Eager to put an end to The Bishop's (Gal Gadot) lucky streak and beat her to stealing Cleopatra's third egg, they pour extraordinary effort into putting their hands on the prized artifact and selling it to the highest bidder. How realistic is Red Notice?
'Red Notice' captures the heated battle for Cleopatra's eggs. Is the movie based on historical facts?
No stranger to opulence, Cleopatra famously bathed in milk to improve her complexion. Unfortunately, the eggs Red Notice revolves around are the figments of the filmmakers' imaginations.
Those eager to get stuck in the history of eggs that took on a life of their own after the fall of an empire could, technically, settle for Fabergé eggs.
As Hiram Garcia, the producer of Red Notice, told The Wrap, "One of the funniest things about the pitch as we took it around town is he had come up with the whole setup that you hear at the top of the movie, and during the pitch, he has an amazing setup where he does this fascinating little trip through history.
"At the end of the pitch, the same thing always came up which was, 'I had no idea about the whole Cleopatra thing,' and with great comedic timing he always said, ‘Oh I just made all that up.'"
"It has such a well-conceived backstory that you wish they were real, but no, they were totally made up," he added. "It's a very fun idea he had come up with."
Consider the myth busted. You won't stumble on Cleopatra's eggs in the wild.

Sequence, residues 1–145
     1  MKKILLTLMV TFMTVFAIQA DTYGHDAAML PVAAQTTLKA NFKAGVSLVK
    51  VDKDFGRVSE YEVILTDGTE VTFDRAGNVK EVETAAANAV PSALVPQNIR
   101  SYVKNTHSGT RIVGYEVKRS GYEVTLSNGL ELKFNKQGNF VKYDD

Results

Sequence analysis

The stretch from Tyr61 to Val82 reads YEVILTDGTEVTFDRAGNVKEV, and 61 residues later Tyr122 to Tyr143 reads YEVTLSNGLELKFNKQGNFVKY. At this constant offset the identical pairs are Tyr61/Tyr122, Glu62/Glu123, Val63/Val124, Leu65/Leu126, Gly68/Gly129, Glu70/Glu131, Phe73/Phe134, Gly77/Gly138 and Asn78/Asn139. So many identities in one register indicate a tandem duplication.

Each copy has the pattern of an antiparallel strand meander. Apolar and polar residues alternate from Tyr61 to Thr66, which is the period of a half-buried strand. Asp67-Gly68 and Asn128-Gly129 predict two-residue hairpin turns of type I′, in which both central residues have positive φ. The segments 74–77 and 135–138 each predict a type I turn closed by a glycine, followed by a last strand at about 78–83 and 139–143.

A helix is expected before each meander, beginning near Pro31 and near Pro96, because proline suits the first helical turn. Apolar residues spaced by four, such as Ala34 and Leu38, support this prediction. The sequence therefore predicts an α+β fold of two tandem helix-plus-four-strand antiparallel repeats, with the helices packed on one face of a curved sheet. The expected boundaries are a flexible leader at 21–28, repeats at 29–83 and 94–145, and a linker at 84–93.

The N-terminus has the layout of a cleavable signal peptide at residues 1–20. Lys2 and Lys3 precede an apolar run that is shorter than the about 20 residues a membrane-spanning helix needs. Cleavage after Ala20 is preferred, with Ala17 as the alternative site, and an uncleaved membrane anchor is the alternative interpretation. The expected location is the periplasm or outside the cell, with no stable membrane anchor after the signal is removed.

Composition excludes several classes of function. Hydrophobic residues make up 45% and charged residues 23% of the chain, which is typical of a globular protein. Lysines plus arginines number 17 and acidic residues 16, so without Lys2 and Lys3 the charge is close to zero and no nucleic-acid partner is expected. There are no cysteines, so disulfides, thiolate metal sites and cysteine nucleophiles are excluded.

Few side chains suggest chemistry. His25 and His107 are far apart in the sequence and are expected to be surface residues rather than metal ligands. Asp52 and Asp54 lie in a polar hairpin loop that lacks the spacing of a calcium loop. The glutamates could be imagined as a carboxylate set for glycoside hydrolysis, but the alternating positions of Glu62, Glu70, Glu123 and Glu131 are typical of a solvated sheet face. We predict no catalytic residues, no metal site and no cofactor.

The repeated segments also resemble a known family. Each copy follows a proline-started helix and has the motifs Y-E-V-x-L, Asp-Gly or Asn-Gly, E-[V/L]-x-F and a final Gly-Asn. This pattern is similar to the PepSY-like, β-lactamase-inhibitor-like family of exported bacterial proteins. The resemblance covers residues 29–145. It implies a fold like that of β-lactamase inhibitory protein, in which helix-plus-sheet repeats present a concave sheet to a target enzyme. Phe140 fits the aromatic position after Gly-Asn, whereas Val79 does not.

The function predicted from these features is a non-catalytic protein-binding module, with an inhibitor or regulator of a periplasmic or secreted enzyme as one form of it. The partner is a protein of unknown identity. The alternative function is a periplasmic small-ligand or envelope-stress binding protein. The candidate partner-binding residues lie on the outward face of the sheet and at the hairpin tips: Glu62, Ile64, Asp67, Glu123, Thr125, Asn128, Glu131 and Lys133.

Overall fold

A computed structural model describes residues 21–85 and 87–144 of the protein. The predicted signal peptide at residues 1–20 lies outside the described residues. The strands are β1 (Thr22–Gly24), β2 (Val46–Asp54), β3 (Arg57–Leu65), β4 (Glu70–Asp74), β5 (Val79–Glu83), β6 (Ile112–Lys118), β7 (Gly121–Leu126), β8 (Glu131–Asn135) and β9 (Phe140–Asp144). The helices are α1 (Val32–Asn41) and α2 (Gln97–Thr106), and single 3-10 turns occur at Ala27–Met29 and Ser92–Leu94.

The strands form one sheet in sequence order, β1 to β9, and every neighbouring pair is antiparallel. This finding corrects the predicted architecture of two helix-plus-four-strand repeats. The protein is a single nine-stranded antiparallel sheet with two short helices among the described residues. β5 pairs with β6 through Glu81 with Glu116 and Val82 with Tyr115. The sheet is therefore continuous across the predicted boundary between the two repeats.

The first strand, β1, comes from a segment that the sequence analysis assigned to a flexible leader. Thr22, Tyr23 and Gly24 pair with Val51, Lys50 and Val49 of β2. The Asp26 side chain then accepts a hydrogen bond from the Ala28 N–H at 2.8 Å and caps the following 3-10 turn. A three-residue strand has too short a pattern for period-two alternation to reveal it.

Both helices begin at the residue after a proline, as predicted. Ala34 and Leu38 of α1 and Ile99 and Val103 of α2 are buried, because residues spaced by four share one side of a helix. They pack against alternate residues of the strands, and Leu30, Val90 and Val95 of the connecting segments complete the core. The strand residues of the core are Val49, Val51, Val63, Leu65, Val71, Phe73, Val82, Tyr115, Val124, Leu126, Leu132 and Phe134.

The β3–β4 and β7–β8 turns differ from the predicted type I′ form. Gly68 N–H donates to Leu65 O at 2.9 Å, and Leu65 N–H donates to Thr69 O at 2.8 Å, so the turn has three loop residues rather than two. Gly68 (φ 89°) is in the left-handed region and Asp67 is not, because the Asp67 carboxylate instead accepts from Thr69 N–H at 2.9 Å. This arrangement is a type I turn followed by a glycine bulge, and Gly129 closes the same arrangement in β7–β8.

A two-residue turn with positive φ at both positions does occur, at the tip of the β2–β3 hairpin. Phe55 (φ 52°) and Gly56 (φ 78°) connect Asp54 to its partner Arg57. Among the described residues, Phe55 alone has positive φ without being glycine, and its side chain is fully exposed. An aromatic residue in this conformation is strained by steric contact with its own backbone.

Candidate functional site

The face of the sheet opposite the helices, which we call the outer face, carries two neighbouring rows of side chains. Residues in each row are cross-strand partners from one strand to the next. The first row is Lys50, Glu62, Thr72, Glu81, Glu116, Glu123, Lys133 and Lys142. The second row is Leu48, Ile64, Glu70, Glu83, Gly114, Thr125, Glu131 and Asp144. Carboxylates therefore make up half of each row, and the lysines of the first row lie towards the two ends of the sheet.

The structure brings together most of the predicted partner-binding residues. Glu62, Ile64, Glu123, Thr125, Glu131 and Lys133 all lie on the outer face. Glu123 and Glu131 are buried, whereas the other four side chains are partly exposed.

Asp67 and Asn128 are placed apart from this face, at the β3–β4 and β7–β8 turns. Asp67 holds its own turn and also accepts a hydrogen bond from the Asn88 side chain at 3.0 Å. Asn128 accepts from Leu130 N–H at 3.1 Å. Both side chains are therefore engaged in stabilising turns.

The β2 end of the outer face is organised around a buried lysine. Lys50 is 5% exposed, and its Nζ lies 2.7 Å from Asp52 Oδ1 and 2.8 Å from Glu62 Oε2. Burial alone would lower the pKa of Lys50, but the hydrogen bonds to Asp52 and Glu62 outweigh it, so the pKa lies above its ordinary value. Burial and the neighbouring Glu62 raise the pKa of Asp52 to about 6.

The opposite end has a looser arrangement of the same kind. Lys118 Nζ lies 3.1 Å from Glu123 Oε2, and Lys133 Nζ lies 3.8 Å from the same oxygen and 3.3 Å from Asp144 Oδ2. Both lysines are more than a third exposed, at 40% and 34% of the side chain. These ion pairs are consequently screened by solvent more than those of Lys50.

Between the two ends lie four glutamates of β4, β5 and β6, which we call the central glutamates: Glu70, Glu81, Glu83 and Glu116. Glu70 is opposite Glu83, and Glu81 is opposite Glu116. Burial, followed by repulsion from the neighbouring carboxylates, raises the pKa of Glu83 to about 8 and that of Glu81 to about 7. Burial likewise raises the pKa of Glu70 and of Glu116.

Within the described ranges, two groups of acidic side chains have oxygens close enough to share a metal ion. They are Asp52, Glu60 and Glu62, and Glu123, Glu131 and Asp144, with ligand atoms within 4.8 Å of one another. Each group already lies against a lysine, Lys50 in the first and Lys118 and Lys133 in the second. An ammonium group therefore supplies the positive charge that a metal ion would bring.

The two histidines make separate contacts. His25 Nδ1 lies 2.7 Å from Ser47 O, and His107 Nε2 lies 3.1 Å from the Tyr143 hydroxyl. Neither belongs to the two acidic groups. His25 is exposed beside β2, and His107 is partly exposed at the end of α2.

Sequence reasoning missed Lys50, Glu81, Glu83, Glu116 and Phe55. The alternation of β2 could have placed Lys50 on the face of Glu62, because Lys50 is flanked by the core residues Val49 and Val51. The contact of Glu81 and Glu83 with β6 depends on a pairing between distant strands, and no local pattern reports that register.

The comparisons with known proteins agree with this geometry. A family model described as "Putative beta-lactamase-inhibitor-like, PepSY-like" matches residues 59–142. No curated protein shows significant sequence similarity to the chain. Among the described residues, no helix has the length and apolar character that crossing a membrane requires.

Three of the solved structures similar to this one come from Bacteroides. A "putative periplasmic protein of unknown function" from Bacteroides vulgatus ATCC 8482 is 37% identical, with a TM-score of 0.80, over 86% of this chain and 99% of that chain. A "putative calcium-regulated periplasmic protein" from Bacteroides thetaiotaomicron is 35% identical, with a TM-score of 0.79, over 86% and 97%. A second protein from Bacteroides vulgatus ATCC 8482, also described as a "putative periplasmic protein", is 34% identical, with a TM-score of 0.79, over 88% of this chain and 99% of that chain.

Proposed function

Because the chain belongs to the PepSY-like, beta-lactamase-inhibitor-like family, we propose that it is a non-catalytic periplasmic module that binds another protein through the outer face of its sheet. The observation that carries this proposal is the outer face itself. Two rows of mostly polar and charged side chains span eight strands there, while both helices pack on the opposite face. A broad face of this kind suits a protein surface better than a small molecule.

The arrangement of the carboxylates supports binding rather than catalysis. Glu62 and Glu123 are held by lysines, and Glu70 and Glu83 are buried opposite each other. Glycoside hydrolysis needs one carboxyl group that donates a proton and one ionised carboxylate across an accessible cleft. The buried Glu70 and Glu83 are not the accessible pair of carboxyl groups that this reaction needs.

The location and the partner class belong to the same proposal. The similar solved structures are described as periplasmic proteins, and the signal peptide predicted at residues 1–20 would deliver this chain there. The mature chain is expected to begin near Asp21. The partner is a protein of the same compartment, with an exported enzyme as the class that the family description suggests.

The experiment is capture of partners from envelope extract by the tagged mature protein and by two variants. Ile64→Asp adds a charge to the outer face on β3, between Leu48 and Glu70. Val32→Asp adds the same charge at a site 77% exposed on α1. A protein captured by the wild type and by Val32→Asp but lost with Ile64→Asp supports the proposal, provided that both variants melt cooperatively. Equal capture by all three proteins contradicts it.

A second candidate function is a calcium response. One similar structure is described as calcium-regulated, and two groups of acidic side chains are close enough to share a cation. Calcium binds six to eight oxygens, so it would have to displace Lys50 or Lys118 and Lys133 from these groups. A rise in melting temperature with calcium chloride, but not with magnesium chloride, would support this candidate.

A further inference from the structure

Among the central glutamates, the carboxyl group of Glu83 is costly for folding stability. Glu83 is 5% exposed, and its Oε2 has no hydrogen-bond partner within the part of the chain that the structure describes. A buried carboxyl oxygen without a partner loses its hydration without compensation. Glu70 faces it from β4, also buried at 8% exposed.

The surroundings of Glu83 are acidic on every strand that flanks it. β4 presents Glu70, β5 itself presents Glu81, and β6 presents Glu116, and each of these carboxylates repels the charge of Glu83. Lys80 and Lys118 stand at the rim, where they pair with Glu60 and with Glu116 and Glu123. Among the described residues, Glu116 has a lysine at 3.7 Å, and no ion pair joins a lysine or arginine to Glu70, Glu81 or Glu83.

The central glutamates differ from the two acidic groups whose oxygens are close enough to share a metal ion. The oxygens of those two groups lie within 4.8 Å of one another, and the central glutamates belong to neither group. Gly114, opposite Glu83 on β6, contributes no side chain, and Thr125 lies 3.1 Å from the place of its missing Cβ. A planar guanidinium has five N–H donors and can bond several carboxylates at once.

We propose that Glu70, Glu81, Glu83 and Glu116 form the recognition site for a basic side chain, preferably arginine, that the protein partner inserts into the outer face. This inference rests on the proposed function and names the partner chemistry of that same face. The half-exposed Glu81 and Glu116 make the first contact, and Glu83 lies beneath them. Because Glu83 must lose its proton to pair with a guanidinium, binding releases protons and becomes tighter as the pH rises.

Per Men's Health, Cleopatra once dissolved a gigantic pearl earring in vinegar to prove that she could spend more on a meal than her lover, Mark Antony. (Take that, Salt Bae.) According to another version of the story, she popped the pearl into a glass of wine. Either way, Cleopatra won the contest with flying colors.
Is 'Red Notice' a real thing?
According to Interpol, a red notice (the real kind) is "a request to law enforcement worldwide to locate and provisionally arrest a person pending extradition, surrender, or similar legal action." An important distinction is that a red notice functions as an "international wanted persons notice, but it is not an arrest warrant."
As part of its true-crime division, Netflix has commissioned documentaries chronicling the crimes where art thieves have successfully gotten away. Take the 2021 miniseries This Is a Robbery, which looks at the Isabella Stewart Gardner Museum theft committed on March 18, 1990. The robbers, who snatched up pieces like Rembrandt's The Storm on the Sea of Galilee, have yet to be identified. Some hope the art might still get recovered.
Unlike This Is a Robbery, Red Notice is a mostly fictional tale — but this doesn't make it any less of a fizzy comedy.
Red Notice is available on Netflix now.